In the land of the rising sun, where cherry blossoms flutter and bullet trains whizz by with punctuality that could set your watch, there exists a body as enigmatic as it is efficient—the Japanese police force. Known as 'keisatsu' in the local lingo, these guardians of peace operate within a framework that might seem as intricate and well-ordered as a game of shogi to the uninitiated foreigner. Let's embark on a journey to demystify this institution, ensuring you won't need a black belt in cultural understanding to grasp its role and function in Japanese society.
The Importance of Understanding Japanese Police as a Foreigner
As a foreigner visiting or living in Japan, it is crucial to understand the role of the Japanese police and how to properly interact with them. Japanese police have a reputation for being very strict and having little tolerance for perceived disrespect of authority. Furthermore, Japan has an extremely high conviction rate, so if you do happen to get into trouble with the law, it can be very difficult to get out of it.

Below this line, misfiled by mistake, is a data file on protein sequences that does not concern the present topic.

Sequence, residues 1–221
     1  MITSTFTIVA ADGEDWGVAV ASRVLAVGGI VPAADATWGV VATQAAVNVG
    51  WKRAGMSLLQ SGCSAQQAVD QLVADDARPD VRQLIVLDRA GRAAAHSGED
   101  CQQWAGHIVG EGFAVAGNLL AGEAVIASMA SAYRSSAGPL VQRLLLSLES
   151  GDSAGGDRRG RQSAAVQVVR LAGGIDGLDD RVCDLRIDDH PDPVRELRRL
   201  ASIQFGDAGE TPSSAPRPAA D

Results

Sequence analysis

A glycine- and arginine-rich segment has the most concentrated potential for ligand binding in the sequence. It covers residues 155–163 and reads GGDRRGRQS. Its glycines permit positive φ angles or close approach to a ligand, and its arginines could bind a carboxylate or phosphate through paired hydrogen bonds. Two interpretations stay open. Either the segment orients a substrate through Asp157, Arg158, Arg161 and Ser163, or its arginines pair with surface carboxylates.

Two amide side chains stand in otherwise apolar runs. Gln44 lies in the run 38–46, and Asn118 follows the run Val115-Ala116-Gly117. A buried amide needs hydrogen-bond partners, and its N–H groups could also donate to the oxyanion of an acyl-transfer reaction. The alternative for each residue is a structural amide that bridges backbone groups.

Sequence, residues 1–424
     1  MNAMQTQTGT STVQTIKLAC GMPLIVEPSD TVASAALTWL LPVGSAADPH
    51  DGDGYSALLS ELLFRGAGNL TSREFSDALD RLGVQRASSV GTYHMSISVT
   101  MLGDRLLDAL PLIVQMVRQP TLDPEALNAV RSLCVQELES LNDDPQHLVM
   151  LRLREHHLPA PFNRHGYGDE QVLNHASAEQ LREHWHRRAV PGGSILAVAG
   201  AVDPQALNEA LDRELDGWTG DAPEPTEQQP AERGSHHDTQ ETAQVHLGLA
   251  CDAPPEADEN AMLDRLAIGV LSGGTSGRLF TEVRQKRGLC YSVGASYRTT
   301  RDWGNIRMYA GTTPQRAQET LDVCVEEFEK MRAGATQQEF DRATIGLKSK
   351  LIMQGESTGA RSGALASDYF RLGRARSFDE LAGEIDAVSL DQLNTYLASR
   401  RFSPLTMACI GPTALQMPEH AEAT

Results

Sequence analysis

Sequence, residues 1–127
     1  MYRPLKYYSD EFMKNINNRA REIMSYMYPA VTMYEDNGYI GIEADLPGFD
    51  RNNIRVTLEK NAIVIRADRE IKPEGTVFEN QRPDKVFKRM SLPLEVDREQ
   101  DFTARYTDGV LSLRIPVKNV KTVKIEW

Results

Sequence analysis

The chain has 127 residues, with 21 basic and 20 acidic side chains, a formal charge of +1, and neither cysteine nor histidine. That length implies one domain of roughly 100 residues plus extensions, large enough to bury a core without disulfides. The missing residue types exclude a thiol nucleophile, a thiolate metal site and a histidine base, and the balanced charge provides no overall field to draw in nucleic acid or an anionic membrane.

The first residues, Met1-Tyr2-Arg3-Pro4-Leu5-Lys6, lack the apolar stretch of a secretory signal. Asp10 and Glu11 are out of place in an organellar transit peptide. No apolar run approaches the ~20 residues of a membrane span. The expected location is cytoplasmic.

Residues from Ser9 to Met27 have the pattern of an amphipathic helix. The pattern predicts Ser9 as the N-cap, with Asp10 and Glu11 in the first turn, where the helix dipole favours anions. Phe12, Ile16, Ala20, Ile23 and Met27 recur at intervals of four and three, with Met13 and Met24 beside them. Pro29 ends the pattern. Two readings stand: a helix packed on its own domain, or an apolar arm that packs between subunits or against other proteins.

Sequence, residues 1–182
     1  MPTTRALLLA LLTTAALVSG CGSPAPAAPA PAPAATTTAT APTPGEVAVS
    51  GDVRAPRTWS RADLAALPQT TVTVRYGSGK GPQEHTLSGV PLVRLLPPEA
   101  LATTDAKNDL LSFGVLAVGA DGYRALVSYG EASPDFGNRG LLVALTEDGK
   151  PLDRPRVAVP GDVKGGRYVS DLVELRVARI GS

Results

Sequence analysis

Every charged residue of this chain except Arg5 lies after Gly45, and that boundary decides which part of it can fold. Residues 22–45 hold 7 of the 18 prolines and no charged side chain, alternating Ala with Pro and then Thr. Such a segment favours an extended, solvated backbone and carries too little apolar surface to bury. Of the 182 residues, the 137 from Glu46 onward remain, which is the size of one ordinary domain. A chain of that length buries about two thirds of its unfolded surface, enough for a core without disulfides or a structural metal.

For these reasons, it is vital that foreigners educate themselves on basic laws and regulations in Japan and avoid confrontations with police whenever possible. Knowing what to expect from Japanese police procedures and acting accordingly can help prevent misunderstandings that could escalate into bigger issues super quickly.
Notable Events of Foreigners Getting into Trouble with Japanese Police
There have been several high-profile cases of foreigners arrested in Japan for seemingly minor offenses that have escalated due to cultural misunderstandings or mistranslations. For example, in 2015 an Italian artist was jailed for nearly three weeks after police believed she had drugged and robbed a man, when she said she had simply defended herself from an attack. Current examples of YouTubers trespassing on Japanese construction buildings without any consent and hitching Japanese trains without pay are also times when Japanese police would have to step in. Such cases underscore the need for foreigners to understand how Japanese police operate.
The Role of Japanese Police
Differences Between Japanese and American Police